To a professional journalist, some of Shourie’s arguments sound decidedly odd. He declared, “When an editor stops a story, I go and give it to another newspaper. I am no karamchari [worker] of anybody’s. Whether I work in your organisation or not, I really look upon myself as a citizen or first as a human being, and then as a citizen, and as nothing else. If I happen to work for Facets [a journal in which his extensive piece appeared as its January-February 1983 issue], I will still behave the same way. If you use my happening to work for you as a device to shut my mouth, I’ll certainly shout, scream, and kick you in the shins.”

Shourie told the same journal that he had no compunction in mixing his editorial and managerial function ‘because the Indian Express is in an absolutely chaotic state. Ther is no management worth the name. Anyone wanting to help it must also help solve the management problems.’

To give him his due, Shourie had many good qualities. He was a hard worker and often did his homework before writing. However, we could never agree on the paper’s outlook because, for him, a newspaper was a stepping stone to politics and political office.

For me the integrity of a newspaper was worth fighting for.

Goenka swayed between these points of view. He used to tell me: ‘Not even five per cent readers look at the editorials.’ He called Frank Moraes, a distinguished former editor of the Indian Express, ‘my race horse’. Shourie he once described to me as a ‘two-horse tonga‘ (horse carriage).

Shourie later distinguished himself in the political field under the banner of the Bharatiya Janata Party (BJP); he even achieved the position of a cabinet minister. In effect, he successfully employed journalism to achieve his political ambition.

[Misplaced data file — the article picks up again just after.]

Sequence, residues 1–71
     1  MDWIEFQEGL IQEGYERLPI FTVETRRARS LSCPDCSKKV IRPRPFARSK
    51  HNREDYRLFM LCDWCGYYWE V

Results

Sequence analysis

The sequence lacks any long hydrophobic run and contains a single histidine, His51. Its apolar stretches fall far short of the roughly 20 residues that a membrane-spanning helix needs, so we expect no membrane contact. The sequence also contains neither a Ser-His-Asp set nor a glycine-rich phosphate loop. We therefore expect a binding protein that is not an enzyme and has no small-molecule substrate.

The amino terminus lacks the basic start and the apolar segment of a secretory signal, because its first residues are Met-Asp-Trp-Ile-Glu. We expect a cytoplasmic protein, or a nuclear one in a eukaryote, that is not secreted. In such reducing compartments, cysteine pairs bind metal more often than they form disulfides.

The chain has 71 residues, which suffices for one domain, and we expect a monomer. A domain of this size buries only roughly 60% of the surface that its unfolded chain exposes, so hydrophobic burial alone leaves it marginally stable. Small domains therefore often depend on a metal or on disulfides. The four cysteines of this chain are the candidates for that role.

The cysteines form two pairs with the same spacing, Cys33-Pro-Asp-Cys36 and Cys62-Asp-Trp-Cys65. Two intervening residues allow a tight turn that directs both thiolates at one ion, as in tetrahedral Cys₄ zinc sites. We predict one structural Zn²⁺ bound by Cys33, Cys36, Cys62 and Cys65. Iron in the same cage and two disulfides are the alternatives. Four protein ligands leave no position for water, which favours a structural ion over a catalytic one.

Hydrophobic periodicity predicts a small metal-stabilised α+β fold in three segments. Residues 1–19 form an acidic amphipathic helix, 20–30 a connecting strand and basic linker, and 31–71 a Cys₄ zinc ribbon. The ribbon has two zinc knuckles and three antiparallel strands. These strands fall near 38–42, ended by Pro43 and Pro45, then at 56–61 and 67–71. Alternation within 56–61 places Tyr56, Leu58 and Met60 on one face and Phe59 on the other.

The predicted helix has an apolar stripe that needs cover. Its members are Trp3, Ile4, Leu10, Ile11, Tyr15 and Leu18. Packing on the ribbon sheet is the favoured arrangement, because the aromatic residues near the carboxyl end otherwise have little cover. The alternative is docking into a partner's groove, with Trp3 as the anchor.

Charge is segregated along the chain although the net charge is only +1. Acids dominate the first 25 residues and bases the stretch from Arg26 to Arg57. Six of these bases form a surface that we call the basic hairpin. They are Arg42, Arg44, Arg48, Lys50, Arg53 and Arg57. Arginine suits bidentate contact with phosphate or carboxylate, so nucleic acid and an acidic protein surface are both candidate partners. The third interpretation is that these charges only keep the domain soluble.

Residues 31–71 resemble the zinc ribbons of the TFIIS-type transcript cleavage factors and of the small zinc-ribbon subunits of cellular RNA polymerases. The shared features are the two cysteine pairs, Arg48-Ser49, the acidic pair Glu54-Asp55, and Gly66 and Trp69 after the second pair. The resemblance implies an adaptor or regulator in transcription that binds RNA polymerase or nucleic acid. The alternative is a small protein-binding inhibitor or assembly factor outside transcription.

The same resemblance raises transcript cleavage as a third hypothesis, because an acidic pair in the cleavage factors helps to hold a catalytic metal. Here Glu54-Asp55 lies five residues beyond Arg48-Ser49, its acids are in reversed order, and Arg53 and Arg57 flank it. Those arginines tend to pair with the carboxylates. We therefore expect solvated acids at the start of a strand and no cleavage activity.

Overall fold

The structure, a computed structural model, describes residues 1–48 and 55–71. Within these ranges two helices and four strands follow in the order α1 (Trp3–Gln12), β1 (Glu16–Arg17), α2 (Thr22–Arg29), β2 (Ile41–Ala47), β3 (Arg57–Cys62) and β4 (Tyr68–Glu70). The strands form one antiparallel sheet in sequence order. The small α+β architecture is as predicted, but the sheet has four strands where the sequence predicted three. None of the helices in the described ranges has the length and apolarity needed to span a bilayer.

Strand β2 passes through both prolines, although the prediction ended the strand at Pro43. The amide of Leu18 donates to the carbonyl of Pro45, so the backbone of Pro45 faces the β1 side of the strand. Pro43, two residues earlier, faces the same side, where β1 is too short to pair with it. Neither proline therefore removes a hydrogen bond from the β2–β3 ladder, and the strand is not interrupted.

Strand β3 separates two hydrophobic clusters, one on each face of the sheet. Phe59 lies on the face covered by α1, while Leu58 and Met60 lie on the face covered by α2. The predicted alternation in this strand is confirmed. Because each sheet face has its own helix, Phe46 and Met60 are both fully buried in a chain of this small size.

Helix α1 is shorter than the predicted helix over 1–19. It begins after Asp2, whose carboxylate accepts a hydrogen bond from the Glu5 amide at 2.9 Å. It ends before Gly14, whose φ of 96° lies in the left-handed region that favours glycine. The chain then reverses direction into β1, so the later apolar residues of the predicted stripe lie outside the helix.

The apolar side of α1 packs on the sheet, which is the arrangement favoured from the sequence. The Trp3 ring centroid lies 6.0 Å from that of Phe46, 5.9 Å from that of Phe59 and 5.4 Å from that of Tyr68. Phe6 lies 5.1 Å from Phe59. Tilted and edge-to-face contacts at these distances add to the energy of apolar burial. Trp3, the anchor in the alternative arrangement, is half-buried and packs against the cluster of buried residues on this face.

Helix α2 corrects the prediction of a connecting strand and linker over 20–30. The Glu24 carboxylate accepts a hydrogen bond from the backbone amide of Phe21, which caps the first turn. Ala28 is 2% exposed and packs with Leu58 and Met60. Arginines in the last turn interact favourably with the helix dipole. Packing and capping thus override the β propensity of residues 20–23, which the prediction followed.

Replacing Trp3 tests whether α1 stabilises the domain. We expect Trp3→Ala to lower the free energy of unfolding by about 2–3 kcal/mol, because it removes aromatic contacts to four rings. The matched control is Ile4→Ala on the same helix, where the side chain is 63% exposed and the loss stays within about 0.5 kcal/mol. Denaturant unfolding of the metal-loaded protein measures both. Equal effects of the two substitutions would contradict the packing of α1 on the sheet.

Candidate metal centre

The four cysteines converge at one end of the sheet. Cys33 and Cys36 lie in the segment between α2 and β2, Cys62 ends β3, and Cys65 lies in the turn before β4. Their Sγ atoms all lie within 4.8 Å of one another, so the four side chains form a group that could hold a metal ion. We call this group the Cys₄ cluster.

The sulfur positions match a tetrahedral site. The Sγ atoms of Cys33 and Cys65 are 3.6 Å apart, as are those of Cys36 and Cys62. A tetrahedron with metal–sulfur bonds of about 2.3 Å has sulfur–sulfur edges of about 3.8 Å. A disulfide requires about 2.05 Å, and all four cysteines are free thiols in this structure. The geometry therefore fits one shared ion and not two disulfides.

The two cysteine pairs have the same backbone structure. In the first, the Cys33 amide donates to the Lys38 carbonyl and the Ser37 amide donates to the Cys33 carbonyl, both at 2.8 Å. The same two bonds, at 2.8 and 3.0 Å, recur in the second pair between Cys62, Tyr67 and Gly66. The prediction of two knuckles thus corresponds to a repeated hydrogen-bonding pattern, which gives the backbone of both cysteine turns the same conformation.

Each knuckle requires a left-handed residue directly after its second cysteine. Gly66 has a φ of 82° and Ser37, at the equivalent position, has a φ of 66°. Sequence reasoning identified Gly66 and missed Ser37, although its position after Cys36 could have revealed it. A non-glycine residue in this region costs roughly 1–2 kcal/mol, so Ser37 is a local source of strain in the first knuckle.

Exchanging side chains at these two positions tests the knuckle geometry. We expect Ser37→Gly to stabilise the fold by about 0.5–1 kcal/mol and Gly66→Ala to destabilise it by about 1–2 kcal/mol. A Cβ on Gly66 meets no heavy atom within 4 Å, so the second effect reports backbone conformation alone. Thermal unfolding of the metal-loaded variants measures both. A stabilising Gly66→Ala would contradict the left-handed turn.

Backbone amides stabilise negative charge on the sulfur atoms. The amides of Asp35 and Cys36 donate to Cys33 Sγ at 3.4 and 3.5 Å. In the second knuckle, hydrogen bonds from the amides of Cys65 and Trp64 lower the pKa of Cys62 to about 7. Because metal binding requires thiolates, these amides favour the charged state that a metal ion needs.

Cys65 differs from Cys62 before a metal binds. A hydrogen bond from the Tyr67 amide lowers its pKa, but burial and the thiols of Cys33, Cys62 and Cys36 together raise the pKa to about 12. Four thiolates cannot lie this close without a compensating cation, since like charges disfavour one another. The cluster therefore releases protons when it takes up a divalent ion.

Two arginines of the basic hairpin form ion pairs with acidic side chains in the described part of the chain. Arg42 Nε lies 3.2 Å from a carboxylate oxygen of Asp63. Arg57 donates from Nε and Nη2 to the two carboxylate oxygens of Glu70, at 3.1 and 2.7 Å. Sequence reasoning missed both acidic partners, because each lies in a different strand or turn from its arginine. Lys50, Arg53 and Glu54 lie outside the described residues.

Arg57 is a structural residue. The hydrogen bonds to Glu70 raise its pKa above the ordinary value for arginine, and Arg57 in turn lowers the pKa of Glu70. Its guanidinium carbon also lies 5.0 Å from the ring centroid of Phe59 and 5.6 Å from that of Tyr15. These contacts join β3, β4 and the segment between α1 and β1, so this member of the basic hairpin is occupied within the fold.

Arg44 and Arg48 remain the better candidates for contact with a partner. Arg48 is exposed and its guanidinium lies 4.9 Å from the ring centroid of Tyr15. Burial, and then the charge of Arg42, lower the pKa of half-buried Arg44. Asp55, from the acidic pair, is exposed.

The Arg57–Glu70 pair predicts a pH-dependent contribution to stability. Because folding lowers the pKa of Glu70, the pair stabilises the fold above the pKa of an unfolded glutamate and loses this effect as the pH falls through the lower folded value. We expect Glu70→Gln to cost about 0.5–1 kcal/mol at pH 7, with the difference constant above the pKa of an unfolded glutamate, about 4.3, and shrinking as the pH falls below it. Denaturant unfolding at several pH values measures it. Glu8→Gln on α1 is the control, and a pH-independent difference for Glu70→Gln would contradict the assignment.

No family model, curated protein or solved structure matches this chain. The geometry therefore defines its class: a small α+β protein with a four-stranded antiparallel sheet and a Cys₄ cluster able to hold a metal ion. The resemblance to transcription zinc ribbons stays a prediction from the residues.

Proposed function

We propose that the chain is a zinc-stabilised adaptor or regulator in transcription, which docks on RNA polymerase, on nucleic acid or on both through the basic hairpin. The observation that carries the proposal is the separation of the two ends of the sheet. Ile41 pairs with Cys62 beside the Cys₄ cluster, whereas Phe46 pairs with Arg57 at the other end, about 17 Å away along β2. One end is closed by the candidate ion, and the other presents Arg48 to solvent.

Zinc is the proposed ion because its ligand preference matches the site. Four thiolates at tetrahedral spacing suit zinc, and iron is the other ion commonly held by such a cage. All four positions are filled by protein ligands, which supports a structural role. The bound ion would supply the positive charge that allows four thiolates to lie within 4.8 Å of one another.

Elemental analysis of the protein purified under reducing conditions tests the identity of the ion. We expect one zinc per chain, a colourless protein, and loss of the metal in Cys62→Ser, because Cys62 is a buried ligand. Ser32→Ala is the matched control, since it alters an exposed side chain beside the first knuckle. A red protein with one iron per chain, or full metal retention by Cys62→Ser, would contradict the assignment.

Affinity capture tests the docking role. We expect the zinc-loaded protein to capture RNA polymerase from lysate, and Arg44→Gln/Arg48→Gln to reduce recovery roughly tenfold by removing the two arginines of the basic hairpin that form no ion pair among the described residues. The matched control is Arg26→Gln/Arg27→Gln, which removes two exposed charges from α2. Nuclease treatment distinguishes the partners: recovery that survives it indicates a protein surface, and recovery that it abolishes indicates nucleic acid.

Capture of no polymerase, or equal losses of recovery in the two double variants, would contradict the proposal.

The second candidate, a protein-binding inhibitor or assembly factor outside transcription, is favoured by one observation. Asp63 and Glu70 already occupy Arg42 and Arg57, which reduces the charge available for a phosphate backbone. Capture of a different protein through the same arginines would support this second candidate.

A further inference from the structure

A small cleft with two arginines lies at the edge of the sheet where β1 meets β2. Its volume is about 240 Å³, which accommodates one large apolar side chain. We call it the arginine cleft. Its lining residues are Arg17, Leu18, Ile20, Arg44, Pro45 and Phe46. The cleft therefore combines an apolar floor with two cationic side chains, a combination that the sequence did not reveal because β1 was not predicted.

***

(Editor of The Statesman, The Indian Express and The Indian Post, Surendra Nihal Singh served in Singapore, Islamabad, Moscow, London, New York, Paris and Dubai. He received the International Editor of the Year award in 1978 for his role as editor of The Statesman during the Emergency)

(Excerpted from Ink in my Veins, A life in Journalism, by S. Nihal Singh, Hay House, 308 pages, price Rs 499)

Also read: Why Khushwant Singh fell out with Arun Shourie

The sad and pathetic decline of Arun Shourie

Arun Shourie: ‘Intolerant, abusive, dictatorial’

How Arun Shourie became Express editor

Arun Shourie: The three lessons of failure

What K.M. Mathew could teach today’s tykes

9 August 2010

By T.J.S. GEORGE

Being famous is different from being important.

The trimurtis of English journalism in India–Pothan Joseph, Frank Moraes, M. Chalapathi Rao–are still unequalled in their star value and brilliance of writing. But historically they mattered little because they introduced no movement that transformed their profession.

Devdas Gandhi of Hindustan Times and Kasturi Srinivasan of The Hindu were not celebrities, but they were historically important personages because they helped convert pre-1947 missionary journalism into an organised industry, lending it strength and direction.

Ramnath Goenka was both celebrated (for his king-maker role in politics and his daring in opposing the Emergency) and important (for launching the then-original concept of a newspaper chain covering the vastness of India).